“During the last weekend in June, while most of Europe took a break from focusing on Greece’s precarious economic future to follow the Euro 2012 finals, I traveled to the tiny Greek village of Lyssaraia, in the heart of the Peloponnese, to attend the third installment of Gregory Markopoulos’s monumental Eniaios.” For Artforum, Michael Wang reports on the world premiere of the sixth, seventh, and eighth “orders” of this epic, this “unity of fragments.”
New York. It’s Francis Ford Coppola weekend in the Museum of the Moving Image and Reverse Shot‘s See It Big! series. “Rightfully regarded as one of the finest films on the subject of war ever made,” writes Benjamin Mercer, “Apocalypse Now nonetheless also happens to be one of the most perennially elusive and disconcerting consensus classics of the American cinema.” Jeff Reichert: “During his career heyday, thinking small wasn’t part of Coppola’s vocabulary, and One from the Heart easily ranks on any list of filmmaking egotism gone amuck.” Still: “That this very traditional, almost conservative vision of romance, dressed up in clever eye-popping layers of artifice failed so dramatically in the early eighties perhaps says, in retrospect, more about the encroaching cynicism of the day than the film itself. A few decades on, it’s clear we should be talking about Coppola’s incredible five-film run.”
“Gene Kelly’s lifelong obsession was to make dancing seem masculine, athletic, sporty.” At Alt Screen, and on the occasion of the Film Society of Lincoln Center’s series Gene Kelly: Changing the Look of Dance on Film, on through July 26, Dan Callahan analyses the ways in which Kelly went about doing just that. With clips.
DVD/Blu-ray. Dave Kehr in the New York Times on a “well-matched pair” out now from Olive Films: “Grounded in the two most characteristic genres of the 1950s, the western and the science-fiction film, [Fred Zinnemann’s High Noon (1952) and Don Siegel’s Invasion of the Body Snatchers (1956)] have both been read as political allegories of the McCarthy era, though their precise meanings remain intriguingly elusive.”
Books. John McElwee recommends a pair by William M. Drew, Mr. Griffith’s House With Closed Shutters, “the best summation so far of DWG‘s massive input to narrative pics and how he brought them out of primitive state,” and The Last Silent Picture Show: “So what were attitudes toward silent movies after they disappeared? Turns out not so good. Yesterday’s fish gone bad sums up how many felt—I don’t wonder at so many negatives getting junked.”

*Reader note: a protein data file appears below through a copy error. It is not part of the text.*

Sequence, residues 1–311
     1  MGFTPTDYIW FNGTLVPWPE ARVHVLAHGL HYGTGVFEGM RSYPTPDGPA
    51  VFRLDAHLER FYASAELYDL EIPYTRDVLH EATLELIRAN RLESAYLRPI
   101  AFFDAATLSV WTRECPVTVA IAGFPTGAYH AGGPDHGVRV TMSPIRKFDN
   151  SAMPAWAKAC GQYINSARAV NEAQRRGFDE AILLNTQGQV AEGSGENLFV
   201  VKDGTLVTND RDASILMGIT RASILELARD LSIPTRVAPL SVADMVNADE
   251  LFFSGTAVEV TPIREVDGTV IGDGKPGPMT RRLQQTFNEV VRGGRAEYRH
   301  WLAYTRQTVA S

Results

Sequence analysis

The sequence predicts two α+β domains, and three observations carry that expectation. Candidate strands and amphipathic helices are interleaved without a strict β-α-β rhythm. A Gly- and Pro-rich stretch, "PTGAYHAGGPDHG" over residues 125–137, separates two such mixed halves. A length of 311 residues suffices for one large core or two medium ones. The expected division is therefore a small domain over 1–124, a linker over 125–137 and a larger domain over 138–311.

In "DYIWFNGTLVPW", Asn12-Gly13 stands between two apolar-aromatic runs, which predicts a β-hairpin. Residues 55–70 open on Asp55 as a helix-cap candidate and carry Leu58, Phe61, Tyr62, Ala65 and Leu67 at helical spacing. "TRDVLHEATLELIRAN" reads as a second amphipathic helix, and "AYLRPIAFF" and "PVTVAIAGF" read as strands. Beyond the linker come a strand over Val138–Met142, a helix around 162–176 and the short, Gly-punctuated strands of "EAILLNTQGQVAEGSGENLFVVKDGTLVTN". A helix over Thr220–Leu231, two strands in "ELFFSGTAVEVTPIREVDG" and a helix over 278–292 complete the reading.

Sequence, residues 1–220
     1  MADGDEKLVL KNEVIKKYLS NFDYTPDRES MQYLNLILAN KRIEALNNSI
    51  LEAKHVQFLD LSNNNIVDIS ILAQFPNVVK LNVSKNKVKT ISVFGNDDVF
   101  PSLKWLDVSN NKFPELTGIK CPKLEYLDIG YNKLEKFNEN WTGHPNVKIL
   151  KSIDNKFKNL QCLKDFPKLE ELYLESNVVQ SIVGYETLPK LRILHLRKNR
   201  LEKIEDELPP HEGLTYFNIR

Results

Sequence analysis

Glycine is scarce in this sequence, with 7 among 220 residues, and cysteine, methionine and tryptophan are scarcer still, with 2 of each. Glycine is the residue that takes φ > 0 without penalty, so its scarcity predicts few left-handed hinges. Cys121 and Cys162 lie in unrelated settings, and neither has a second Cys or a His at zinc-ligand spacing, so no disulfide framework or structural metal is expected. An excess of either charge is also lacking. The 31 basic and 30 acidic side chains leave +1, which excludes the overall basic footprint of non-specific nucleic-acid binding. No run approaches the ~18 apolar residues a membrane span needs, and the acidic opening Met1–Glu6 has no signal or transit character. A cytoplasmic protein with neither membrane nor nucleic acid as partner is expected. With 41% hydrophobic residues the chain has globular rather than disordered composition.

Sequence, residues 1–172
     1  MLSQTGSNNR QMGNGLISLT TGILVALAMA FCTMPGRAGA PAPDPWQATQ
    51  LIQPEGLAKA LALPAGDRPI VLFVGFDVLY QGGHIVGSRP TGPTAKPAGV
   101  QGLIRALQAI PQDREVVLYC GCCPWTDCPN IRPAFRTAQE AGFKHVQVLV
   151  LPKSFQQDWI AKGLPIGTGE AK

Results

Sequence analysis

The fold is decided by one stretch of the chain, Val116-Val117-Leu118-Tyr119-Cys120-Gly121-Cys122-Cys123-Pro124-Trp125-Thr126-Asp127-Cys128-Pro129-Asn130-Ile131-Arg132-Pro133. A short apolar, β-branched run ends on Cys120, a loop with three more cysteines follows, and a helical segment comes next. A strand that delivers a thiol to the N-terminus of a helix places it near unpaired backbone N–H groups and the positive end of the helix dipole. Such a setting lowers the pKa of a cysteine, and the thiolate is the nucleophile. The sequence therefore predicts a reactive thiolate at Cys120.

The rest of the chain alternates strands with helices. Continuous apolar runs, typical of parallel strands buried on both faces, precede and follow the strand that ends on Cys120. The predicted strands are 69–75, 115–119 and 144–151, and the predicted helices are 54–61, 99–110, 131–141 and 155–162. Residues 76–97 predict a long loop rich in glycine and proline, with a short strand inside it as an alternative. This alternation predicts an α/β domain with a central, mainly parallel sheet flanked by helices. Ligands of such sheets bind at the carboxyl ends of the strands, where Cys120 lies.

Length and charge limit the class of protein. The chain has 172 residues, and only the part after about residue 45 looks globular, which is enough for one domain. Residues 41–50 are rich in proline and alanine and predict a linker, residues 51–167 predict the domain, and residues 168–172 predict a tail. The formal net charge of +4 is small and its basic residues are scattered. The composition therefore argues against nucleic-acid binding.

Obits. “Richard D. Zanuck, the once-spurned son of the legendary Hollywood producer Darryl F. Zanuck who carved out his own career as a frequently honored producer, running up more than $2 billion in grosses and, by producing Driving Miss Daisy in 1989, becoming the only son to duplicate a father’s best-picture Oscar, died on Friday,” reports Douglas Martin for the NYT. “Richard Zanuck’s successes rivaled those of his father, who co-founded 20th Century Fox, won three best picture Academy Awards and later fired his son in a studio shake-up. The younger Mr. Zanuck produced or helped produce movies like Steven Spielberg’s first feature film, The Sugarland Express, in 1974 and the director’s first blockbuster, Jaws, the next year.” Richard Zanuck was 77 and “the kind of producer who comes along once in a lifetime,” writes Steven Zeitchik for the Los Angeles Times—”and, given the corporate nature of contemporary Hollywood, may never come along again. To read through his credits is to watch a half-century of American entertainment fly by.”
“Hollywood is reeling from the death of one of the movie world’s most privileged scions,” reports Chris Lee at the Daily Beast. “On Friday afternoon, Sage Stallone, 36, the son of action-movie icon Sylvester Stallone, was found dead in his Los Angeles home… After making his screen debut as a 14-year-old in 1990 in Rocky V, playing Rocky Balboa Jr. in the fifth installment of his father’s blockbuster boxing franchise, Stallone made his early movie-biz stripes by taking bit parts in his father’s mega-budgeted films—such as the 1996 action-thriller Daylight. Later he appeared in Vincent Gallo’s gritty indie Promises Written in Water.” Sage Stallone also co-founded Grindhouse Releasing, “the only American distributor of forgotten exploitation fare such as Italian horror films as Cannibal Holocaust and Lucio Fulci’s The Beyond.”
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